May 19, 2013 – Today some of the MRC crew decided to do a trail race put on by the Shenipsit Striders – the Soapstone Mountain Trail Race. Appropriately named, it took place on Soapstone Mountain which is near the Ellington, Stafford Springs, Tolland (somewhere around there) line here in Connecticut. This race was tough, and got us thinking we should really write a little piece about the difference between trail races and road, and perhaps most interesting – the difference between trail racers and road racers.
The Shenipsit Striders do a great job putting the race on, it’s well organized and the trail was marked as well as we could expect. The course was 24k, or about 14.5 miles, over very rocky terrain, your typical New England forest. Ups and downs, rocks, sharp turns, all that good stuff – but they had a good crowd this morning. This post is not so much about the actual race this morning but just some info on the race today to get you thinking. Also, I think I’m going to start typing in the first person, I hope you don’t mind.
Now I’m no stranger to trail racing, that doesn’t mean I’m a huge fan or do more than one or two a year – so maybe that does make me a stranger to them. In either case just to give you a background I have done the Pikes Peak Marathon along with the 7 Sisters Trail Race (though I didn’t finish) and we also put on the Finally Spring 5k trail race and there is just something completely different about trail and road races. Each are wonderful in their own way but here are a few observations.
Do Trail Racers Care if They Get Hurt? Seriously, there was a group of three of us today who are pretty good road racers and love to train on trails, but this was out of this world and we all agreed. Folks who are really good at trail racing (the ones that win these types of races) fly down rocky, rooty, suicide-type, downhills with absolute reckless abandon and I honestly could not fathom how they were doing this. We all agreed after the race that they just must not care if they get hurt. Us “roadies” (I’ll get to that term in a minute) as they call us, like our legs and ankles in particular and our way of getting down was relatively quickly but most important plant your foot and be stable. The trail racers were running down these hills like there was a fire at the top, along with a rhino chasing them down. Don’t get me wrong, we were beyond impressed, it’s just not something we were willing to do.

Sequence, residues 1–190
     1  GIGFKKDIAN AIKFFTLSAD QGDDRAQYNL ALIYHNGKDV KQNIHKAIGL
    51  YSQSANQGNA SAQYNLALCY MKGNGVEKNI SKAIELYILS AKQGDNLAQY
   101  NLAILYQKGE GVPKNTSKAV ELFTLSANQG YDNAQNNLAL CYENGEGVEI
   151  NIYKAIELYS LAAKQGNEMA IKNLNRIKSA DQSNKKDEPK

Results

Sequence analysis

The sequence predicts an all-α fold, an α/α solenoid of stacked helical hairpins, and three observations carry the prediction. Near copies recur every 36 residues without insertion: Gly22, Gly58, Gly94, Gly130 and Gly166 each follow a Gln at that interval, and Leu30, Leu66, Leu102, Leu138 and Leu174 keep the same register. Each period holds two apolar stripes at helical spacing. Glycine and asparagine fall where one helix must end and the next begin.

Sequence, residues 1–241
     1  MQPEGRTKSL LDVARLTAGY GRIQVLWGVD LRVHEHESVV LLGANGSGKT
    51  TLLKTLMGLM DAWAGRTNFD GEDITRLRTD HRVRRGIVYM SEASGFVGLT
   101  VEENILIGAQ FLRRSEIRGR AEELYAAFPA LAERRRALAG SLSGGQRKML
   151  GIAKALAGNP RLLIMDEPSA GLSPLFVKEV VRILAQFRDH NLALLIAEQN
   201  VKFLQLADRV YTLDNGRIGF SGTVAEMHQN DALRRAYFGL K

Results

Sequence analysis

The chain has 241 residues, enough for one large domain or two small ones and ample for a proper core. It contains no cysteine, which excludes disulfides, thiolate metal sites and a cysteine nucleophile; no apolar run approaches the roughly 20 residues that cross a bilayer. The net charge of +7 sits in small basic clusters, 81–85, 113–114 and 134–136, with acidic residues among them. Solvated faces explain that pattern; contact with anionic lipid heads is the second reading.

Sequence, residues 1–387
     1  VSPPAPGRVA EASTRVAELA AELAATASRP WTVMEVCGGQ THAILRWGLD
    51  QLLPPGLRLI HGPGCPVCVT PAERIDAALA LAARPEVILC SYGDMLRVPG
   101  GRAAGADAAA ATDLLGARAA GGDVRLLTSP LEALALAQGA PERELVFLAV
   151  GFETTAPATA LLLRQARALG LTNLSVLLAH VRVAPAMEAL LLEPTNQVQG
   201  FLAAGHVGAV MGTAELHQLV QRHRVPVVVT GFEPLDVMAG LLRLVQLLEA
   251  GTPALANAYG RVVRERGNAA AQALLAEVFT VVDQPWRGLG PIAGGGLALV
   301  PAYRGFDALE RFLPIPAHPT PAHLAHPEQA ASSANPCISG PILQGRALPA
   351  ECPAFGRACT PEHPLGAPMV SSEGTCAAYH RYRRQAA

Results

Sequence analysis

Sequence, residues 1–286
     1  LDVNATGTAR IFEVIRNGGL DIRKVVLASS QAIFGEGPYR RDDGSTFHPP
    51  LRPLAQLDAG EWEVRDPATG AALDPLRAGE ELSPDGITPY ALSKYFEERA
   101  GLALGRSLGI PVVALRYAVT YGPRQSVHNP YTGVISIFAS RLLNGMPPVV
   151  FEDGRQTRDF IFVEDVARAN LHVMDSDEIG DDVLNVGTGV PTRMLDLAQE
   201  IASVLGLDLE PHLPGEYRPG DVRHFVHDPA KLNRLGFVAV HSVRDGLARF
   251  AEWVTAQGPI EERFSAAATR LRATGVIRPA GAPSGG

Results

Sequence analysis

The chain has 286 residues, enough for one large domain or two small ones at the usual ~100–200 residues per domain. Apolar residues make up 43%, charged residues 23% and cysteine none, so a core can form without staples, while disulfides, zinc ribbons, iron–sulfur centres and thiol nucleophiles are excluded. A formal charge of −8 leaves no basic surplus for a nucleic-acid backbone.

Running Style – One of the other big differences we noticed was that on the roads, we go hard all the time and generally keep one pace. Now obviously we slow down a touch on the uphills and speed up a bit on the downhills but the pace of trail racers is vastly different. On the trails, taking it easy up the hills seems to be the way to go and on the flat parts it’s not so much picking it up as it is maintaining; of course you must also then run down hills like the Taliban is chasing you. This seems bizzarre to us, but effective. We would catch a number of people on the flat portions and on the uphills we were passing people frequently, but the downhills are the great equalizer. I don’t know if this is good, bad, or indifferent, but it makes for interesting racing.
Toughness vs. Speed – Now I don’t think too many trail racers are blessed with amazing speed, and I certainly am not either, but as far as speed goes I look like Usain Bolt compared to some out on the trail – that doesn’t mean I can beat them on the trails. Had today’s race been run on the roads, the three of us from the MRC crew probably would have all been in the top 5, but on the trails – not a chance. Brian Nelson did get second overall, so maybe I shouldn’t quite say not a chance but it’s just a totally different ball game. The trail racers have so much toughness in them to deal with the trails. Now of course road runners have plenty of toughness as well but it is a different kind of toughness to continue on these trails week after week. I personally never want to run this race again, and believe me that’s not a knock on the organization or anything like that, it’s just not my thing. Bottom line, these trail racers are tough and we have the utmost respect.
Recovery – I have a feeling all the trail racers from today are going to be right back out there on the trails tomorrow morning going the same pace they did today. Meanwhile, I’ll be icing my ankles for the next three and a half hours. I had to stop for a few minutes today after I rolled the same ankle over 3 times in a 1/4 mile span, meanwhile some of those who are used to it just have rubber ankles and keep on going. Now maybe they are just so much more savvy than I when it comes to the technical running, and that’s probably part of it, but ankle sprains, falls etc., I know they’ll all be out tomorrow or the next day right back on the trails. I’ll be hitting the roads tomorrow I think.
Terminology – The folks that participate in these trail races refer to road runners as “roadies”. I doubt it’s a negative term at all, but it’s just for those of us who don’t run the trails that much.
All in all it is a very interesting study in speed, strength, specialization, and characteristics of running on the trails versus the roads. This was a great experience and many should try to do trail races but know what you’re getting in to. There are easy trail races (Finally Spring 5k), or the rail trail, and then there are grueling races like today’s.
Just because you’re a good runner on the road, doesn’t mean you’ll be a good trail runner. And don’t worry, it works both ways, just because you’re a great trail runner doesn’t mean you’ll be a great road runner – it does mean you’re nuts though.